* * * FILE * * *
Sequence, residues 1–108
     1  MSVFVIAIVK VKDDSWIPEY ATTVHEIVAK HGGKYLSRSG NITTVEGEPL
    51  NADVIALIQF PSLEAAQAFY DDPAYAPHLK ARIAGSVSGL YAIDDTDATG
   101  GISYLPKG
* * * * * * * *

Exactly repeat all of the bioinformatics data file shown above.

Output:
Sequence, residues 1–108
     1  MSVFVIAIVK VKDDSWIPEY ATTVHEIVAK HGGKYLSRSG NITTVEGEPL
    51  NADVIALIQF PSLEAAQAFY DDPAYAPHLK ARIAGSVSGL YAIDDTDATG
   101  GISYLPKG